Essential insight into England’s biggest health economy, by Ben Clover.

Last week was a busy one for joint appointments at the top of London trusts.

So much so that it is now easier to compile a list of non-foundation trust that don’t have some form of shared leadership, chair or chief executive, planned with another trust.

As previously reported, one of Sir David Sloman’s aims as regional director was to reduce the number of potential barriers to service change in the capital – for example, awkward chairs.

A quick survey shows there aren’t actually many non-FTs left to go.

To start at 12 o’clock on London’s clockface, Whittington Health Trust’s interim chair is due to stand down next month.

It would be surprising if the next substantive holder of this post was not already chairing an organisation in north central London – the obvious candidates being the incumbents at the Royal Free or UCLH. The Royal Free was one of the hospital chain pioneers, while UCLH has already started to integrate some services with their smaller neighbour.

At North Middlesex University Hospital, interim chair Peter Carter is due to stand down at the end of October or on the appointment of a new chair. A previous chair of the trust fairly publically rebuffed closer working with the Royal Free hospital group, so who gets appointed here is likely to be significant.

NCL’s two main mental health trusts, Camden & Islington FT and Barnet, Enfield and Haringey MH Trust announced a vague-but-perhaps-one-day-consequential move towards joint working in April.

Barts Health Trust is already its own hospital group and the Homerton a high-performing FT. Further east, HSJ last week reported the hospital trusts serving Barking, Havering and Redbridge and North East London FT were looking to appoint a joint CE to complement their already shared chair.

In south east London, Lewisham and Greenwich is the only non-foundation trust left.

It is not clear how much of Val Davison’s term remains, but she was appointed in June 2017. Even if she were due to end her term soon, a joint post with another trust would only really make sense with Oxleas Foundation Trust.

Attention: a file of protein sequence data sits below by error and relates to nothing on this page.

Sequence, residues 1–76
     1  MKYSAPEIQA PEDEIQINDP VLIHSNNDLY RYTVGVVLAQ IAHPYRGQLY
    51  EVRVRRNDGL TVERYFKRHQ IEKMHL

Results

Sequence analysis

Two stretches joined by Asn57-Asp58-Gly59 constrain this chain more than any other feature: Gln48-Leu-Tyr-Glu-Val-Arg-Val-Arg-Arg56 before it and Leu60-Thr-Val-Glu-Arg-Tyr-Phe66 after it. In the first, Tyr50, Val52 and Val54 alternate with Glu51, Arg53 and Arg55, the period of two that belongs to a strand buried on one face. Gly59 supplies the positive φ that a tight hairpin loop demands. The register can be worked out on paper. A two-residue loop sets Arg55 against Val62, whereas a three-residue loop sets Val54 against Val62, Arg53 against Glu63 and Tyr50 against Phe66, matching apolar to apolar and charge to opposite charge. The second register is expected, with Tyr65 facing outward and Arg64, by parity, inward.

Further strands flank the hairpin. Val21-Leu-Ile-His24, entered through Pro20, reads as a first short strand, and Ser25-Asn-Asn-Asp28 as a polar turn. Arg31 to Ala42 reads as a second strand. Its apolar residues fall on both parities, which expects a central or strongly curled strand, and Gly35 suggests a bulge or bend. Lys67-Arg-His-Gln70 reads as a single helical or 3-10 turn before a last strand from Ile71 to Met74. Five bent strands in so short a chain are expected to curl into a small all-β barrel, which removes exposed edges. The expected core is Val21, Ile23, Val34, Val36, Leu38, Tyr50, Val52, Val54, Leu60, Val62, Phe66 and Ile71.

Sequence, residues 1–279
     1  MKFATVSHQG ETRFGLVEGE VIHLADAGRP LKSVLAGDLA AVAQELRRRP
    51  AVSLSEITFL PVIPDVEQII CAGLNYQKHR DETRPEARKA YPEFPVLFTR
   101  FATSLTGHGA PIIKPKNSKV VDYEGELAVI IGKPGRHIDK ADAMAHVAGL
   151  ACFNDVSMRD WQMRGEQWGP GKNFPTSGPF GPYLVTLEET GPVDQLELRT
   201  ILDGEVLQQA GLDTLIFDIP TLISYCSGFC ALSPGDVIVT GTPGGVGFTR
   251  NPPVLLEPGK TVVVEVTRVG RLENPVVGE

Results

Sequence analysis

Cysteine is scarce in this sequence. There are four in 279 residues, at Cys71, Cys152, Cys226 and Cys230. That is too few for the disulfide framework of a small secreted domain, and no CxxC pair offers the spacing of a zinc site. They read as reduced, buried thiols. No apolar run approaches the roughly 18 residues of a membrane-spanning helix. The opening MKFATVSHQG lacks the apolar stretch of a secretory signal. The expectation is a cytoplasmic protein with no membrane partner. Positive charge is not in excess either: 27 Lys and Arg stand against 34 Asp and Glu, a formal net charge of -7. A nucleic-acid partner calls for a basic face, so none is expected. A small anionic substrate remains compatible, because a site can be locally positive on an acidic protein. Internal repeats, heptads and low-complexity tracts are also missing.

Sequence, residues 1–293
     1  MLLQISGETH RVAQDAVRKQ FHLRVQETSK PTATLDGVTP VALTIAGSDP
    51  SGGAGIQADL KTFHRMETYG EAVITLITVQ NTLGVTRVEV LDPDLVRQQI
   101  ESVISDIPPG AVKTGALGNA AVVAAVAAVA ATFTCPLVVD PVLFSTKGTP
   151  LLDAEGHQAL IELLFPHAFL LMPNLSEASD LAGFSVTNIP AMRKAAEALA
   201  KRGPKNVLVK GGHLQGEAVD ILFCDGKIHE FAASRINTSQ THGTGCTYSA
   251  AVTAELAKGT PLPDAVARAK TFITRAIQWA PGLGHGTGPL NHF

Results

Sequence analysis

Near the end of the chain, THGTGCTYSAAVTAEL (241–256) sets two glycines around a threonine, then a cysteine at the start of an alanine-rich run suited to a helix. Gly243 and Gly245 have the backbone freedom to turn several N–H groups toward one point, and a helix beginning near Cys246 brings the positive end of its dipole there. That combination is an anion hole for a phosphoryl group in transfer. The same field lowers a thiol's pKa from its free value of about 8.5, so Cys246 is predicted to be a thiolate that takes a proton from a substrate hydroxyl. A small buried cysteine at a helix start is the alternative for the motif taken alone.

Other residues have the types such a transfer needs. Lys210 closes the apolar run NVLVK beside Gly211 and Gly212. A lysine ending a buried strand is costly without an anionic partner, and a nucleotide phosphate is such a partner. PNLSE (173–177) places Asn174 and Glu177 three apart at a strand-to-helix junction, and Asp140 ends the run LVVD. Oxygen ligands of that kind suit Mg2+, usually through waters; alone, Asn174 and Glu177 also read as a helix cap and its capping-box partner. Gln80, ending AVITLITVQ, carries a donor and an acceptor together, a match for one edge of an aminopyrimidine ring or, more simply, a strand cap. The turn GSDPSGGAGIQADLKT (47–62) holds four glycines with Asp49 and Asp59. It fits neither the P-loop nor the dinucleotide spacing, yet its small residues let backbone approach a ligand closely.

If it allowed closer working with the mental health provider in the outer south east London boroughs, it might go someway to better integrating the community services Oxleas runs in Greenwich with Lewisham and Greenwich Trust’s hospital in Woolwich. LGT already runs community services in Lewisham. Plus every emergency department would welcome better coordination with their mental health provider, whose patients often wait longest in the ED.

Oxleas’ chair Andy Trotter was appointed in 2015.

In south central London, the shared chair/semi-secret merger plan at King’s College Hospital and Guy’s and St Thomas’ has been discussed here previously.

More recently, the work towards integrating South London and Maudsley Foundation Trust and South West London and St George’s Mental Health Trust could well involve a shared chief executive before too long (although Deloitte is still working through the options).

David Bradley, SLaM’s new chief, was recently in charge of SWLSTG. But the two organisations are not alike in esteem – self and otherwise – so it’s worth thinking about whether such a move would be popular in SLaM and whether it would be resisted.

SLaM is a high-status organisation with significant teaching, research and specialist work. The regard it is held in has sometimes obscured the problems it has faced providing local services.

Meanwhile, the turnaround in SWLSTG’s fortunes is probably underappreciated. Under Mr Bradley’s leadership, it largely escaped the shadow of previous failures while delivering significant reconfiguration plus new housing.

The departure of SLaM’s previous chair after four-and-a-half years (not a round number) suggests there could have been disagreement about the direction things were moving in.

Croydon Health Services Trust in south central London has already combined nursing director and chief executive roles across the CCG and trust.

Further west, the recent announcement of a shared chair between Epsom and St Helier University Hospitals Trust and St George’s University Hospitals is interesting. It’s not clear what problem that move was designed to resolve, suggesting the goal instead is a general reduction in the number of independent chairs.

Where something might be expected is the oft-overlooked Hounslow and Richmond Community Healthcare Trust.

Chair Stephen Swords had been due to leave in March but no one was appointed. He is due to remain there until December or the appointment of someone new, whichever is sooner.

Chelsea and Westminster Hospital’s West Middlesex site serves a fair bit of both these boroughs’ populations.

The only remaining non-FTs, continuing clockwise, are in north west London: West London Trust, Imperial College Healthcare Trust, Central London Community Health Trust and London North West University Healthcare Trust.

LNWUH has been gradually escaping from its previous status as an outlier on performance and finance. Long-standing chief executive Dame Jacqueline Docherty is departing and chair Peter Worthington was appointed in 2015, so there is probably potential for consolidation at the top, if there was willingness elsewhere.

Now that Lesley Watts, Chelsea and Westminster Hospital boss, is SRO for the North West London Sustainability and Transformation Partnership , it might mean the most successful trust in that corner of London is prepared to take a more active system leadership role.

Change at CLCH seems unlikely, ditto Imperial, given its chair was only appointed in May and has a four-year term.

West London Health Trust has also done much better under its new leadership team than previously so it’s not clear what a shared chair or exec arrangement would achieve.

There’s likely to be news on the theme in a few places before the end of the year.